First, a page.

Wednesday, 24 May 2017

Time to Try to be More Like Moe

Moe Norman was a golfing savant. While never formally diagnosed as such, I think most of those who knew him would agree that he was likely autistic. Unfortunately for Moe, and the rest of us, Moe's time on the PGA tour was shortlived as a result. His quirkiness led to him being essentially warned off the tour. The PGA tour just wasn't ready for the likes of Moe Norman.

Apparently, one of the final straws was when Moe actually putted between a fellow competitor's feet as he was picking his ball out of the hole. It was felt that Moe just wasn't taking the whole PGA tour pro thing seriously enough. It is kind of funny when you understand Moe. To him golf was simple. He summed the game up by saying you hit this dumb thing--the ball--with this dumb thing--the club--over there--the target. All the pre-shot routine stuff was lost on him. He just stepped up to the ball, looked at the target, and let it go. This is something that was then, and is probably even more so now, sadly missing with most other pros. The pace of play has become a nightmare.

Everyone who saw Moe hit balls knew they were observing pure genius. There have been others who struck the ball as well as Moe--Byron Nelson, Ben Hogan, Lee Trevino, and Sam Snead instantly come to mind. But only Moe seemed to be able to hit the ball dead straight, without a hint of a draw or fade. And Moe was able to do this with a set up and a swing unlike any other in professional golf. 

Moe's swing, at a first glance, looked like a thirty-handicapper's. He stood with his feet stretched wide apart and had very little knee bend. He reached for the ball and held his extra-thick grips in the palms of his hands. His swing was short, with very little, if any, body rotation. He had a strong lateral shift on the downswing. It was definitely not the sort of swing likely to be admired or copied. But the strike was incredible. He hit it dead straight almost every time. And, after all, what's the shortest distance to the hole? You got it--a straight line.

Now, there have been, and still are, people teaching what is purported to be Moe's method. To listen to them, you would think his method was just as complicated as any other swing method being taught out there. They seem to have managed to take something that, for Moe at least, was very simple and make it very complicated. I think it is much better to listen to Moe's own words to understand what he was doing and why he was doing it.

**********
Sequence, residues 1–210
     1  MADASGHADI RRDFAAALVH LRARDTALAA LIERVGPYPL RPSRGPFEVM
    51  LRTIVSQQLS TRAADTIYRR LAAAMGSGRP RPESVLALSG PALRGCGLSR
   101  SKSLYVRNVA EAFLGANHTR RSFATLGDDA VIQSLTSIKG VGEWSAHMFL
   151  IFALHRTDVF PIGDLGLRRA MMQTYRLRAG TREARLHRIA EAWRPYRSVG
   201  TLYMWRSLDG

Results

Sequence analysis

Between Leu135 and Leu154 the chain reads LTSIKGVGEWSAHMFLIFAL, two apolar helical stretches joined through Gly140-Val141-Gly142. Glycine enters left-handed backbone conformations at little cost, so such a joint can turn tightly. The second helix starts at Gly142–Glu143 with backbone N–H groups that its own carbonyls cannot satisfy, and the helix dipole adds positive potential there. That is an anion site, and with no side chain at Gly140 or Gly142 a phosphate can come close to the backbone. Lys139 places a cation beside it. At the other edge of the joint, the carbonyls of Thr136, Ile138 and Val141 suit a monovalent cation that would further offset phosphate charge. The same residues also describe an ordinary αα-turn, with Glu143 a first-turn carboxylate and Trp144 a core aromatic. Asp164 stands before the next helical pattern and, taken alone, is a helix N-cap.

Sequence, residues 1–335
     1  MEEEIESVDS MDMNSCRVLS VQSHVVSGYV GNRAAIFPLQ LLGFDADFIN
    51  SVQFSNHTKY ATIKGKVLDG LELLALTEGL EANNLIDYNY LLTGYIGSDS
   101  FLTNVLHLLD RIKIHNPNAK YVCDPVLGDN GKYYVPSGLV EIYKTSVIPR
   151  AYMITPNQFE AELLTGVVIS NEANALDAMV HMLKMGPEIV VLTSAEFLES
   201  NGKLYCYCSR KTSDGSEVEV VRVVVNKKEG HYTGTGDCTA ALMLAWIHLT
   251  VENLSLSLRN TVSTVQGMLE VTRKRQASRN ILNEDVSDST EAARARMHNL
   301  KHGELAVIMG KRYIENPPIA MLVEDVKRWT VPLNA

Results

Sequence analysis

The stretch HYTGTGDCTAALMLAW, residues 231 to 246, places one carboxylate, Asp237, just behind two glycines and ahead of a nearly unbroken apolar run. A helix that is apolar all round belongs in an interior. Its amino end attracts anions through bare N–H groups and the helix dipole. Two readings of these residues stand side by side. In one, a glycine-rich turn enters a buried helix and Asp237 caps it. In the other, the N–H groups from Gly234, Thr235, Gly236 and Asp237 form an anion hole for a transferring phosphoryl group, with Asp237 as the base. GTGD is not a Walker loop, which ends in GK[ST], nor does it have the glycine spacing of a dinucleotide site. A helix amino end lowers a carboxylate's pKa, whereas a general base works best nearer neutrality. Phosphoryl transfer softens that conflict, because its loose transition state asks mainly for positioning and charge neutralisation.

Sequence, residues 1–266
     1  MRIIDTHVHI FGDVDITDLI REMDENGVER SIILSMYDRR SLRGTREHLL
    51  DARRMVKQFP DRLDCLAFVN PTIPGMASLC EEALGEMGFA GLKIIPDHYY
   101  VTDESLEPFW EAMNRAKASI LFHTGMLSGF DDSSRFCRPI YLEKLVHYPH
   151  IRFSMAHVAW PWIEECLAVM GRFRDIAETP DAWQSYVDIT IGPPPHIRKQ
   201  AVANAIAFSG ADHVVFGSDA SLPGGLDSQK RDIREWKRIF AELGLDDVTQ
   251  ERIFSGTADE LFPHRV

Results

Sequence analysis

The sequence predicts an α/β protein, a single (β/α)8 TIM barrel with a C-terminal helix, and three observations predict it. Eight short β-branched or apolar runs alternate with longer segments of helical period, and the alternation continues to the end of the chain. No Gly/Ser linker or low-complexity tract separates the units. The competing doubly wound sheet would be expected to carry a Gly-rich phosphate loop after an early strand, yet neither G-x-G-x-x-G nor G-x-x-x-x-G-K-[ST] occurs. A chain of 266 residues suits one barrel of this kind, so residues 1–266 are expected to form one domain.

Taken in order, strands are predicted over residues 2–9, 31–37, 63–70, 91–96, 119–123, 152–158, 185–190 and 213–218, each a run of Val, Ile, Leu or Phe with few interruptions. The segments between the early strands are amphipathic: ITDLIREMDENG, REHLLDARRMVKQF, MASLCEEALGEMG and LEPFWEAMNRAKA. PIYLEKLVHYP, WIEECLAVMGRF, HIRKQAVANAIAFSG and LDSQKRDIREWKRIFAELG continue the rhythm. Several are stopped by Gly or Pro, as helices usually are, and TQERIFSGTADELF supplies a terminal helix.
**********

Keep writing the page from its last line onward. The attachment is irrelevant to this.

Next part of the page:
The reason I am writing this is because my back problems have me presently unable to hit the ball much more than two hundred yards using a conventional swing. That Moe never experienced back trouble, and his swing was essentially a lateral move, with very little body rotation, makes me wonder whether it isn't time for me to try to use something resembling Moe's method again. I've used it before and played pretty well that way. And when I say "Moe's method," and not "Moe's swing," it is because Moe never suggested that anyone copy his swing, or his set up. He wanted people to understand the perfect strike and how to achieve it. 

Moe developed a method that kept the clubface square to the target longer than anyone through the impact zone. He claimed his clubface remained square to the target twenty two inches after impact. Byron Nelson developed a method that kept his face square to the target for twelve inches after impact. Lee Trevino is another great ballstriker who kept his club moving down the target line a long time, for years favouring what he described as a push fade. As he got older, and experienced back problems, he has turned to a push draw. All three of these great ballstrikers, and more, believed that the longer the clubface remained square to the target, immediately before and after impact, the higher the probability that a good shot would result.

Just using common sense, the longer the clubface remains square to the target both before and after impact, the better the chance of a square strike almost regardless of ball position. A square strike, if the clubface is moving straight down the target line, means a straight shot. And a square strike increases the smash factor, which helps improve distance for those like me who are losing it in a big way.

For those of us with bad backs that are making the golf swing difficult, if not downright impossible, Moe's method might just be worth investigationg. Moe hit millions of golf balls. At the age of 63, Moe hit balls essentially non-stop for six hours in the production of a video for the PGA of America. He never experienced back trouble. Hitting a golf ball to Moe was as simple as hammering nails for a carpenter.

So, the question is, can I find a way to be able to hit balls like Moe with a buggered back? I think Moe provides the answer and I intend to try making some relatively simple changes to see if it can possibly work for me even half as well as it worked for Moe. And those changes do not require me to necessarily use an extra wide stance, or extend my arms to reach for the ball, or even alter my grip to be more like Moe. It requires me to figure out a way to strike the ball like Moe did.  I will keep you posted on how it works out. 

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